Fairview Homes was opened with great fanfare in 1960 by the Federal Minister for Social Services Mr Robertson.
Few West Gippsland organisations have captured the goodwill, compassion and community spirit displayed at Fairview Village.
As the region’s first aged care service forged through fierce cooperation between local governments, organisations and spirited community members “Fairview Village was a pathfinder in its efforts to better quality of living for the elderly.
Officially opened in 1960 by the then Federal Minister for Social Services to great fanfare, Mr Robertson said the home was a tribute to the people of the three local shires, and would receive every possible support from the Federal Government.
“These things must come from the hearts and souls of the people and I want to say how profoundly grateful I am to the people for rising to the occasion so splendidly,” Mr Robertson, as quoted in the Warragul Gazette.
For original committee member Alan Pugh, who as a young family man quickly became swept up in the public push to bring aged care to West Gippsland, Fairview’s formation was an “obvious” solution to drastic social change at the time.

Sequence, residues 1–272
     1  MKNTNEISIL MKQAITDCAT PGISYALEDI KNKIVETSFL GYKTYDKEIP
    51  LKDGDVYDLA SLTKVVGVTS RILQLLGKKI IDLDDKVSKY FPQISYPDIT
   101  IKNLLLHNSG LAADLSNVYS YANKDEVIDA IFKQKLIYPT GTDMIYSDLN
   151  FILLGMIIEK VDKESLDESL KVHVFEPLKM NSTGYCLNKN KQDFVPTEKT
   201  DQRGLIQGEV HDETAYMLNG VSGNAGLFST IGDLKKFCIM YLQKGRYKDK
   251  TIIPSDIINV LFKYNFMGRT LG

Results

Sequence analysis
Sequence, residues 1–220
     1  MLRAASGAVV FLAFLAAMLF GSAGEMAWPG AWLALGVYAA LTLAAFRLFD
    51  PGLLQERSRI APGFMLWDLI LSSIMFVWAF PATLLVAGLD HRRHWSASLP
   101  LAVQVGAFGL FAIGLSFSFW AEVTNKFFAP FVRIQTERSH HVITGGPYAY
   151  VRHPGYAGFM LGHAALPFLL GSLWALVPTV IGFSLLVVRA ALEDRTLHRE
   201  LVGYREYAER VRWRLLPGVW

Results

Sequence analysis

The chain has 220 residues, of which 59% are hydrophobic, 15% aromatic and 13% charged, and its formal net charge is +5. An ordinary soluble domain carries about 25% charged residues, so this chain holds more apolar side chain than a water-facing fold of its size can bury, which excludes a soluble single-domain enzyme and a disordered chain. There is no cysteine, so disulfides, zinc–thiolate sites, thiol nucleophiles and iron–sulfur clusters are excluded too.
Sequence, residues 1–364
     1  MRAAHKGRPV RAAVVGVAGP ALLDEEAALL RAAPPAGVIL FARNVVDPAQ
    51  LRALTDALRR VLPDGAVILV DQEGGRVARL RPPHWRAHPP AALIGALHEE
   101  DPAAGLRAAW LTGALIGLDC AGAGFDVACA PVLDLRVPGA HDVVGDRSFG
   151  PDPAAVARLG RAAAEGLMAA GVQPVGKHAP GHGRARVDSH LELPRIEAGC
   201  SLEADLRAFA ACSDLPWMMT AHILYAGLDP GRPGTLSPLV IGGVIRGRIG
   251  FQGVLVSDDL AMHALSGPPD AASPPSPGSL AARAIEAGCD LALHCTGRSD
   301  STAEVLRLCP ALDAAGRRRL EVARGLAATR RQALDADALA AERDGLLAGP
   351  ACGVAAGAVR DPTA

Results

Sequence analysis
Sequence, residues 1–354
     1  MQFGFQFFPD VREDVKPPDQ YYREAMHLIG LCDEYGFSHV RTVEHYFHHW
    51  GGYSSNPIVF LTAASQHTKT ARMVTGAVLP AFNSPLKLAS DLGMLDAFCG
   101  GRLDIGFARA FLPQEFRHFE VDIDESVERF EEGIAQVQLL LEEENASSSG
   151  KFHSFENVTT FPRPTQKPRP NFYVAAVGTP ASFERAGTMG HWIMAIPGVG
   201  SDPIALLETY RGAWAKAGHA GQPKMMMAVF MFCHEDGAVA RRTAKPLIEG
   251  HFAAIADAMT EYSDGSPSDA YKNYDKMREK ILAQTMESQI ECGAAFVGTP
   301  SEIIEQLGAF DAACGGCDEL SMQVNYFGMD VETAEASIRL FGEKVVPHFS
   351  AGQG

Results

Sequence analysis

“The economy had changed dramatically in the post-war years, Australian families had more money and were becoming more mobile, which led to some mums and dads or grandmas and grandpas needing a place to be cared for,” Mr Pugh said this month.
While aged care is a service now taken for granted, Mr Pugh said it was very much a new concept in the 1950s, when the frail and elderly were “needlessly” occupying beds at the West Gippsland Hospital.
The pursuits of the community led paradigm shift soon paid off under the leadership of Chairman Phil MacDonald, with West Gippsland Hospital donating 5 acres of land at the meagre price of one pound per acre.
“As we developed a not for profit model, which was not a term we used in those days, the money started to flow in, and the community saw there were enough funds to start building on this site,” Mr Pugh said.
Fairview Village soon became one of the first Australian aged care services to receive state and federal funding, in addition to generous donations from local citizens, local governments, the Warragul Auxiliary and other organisations.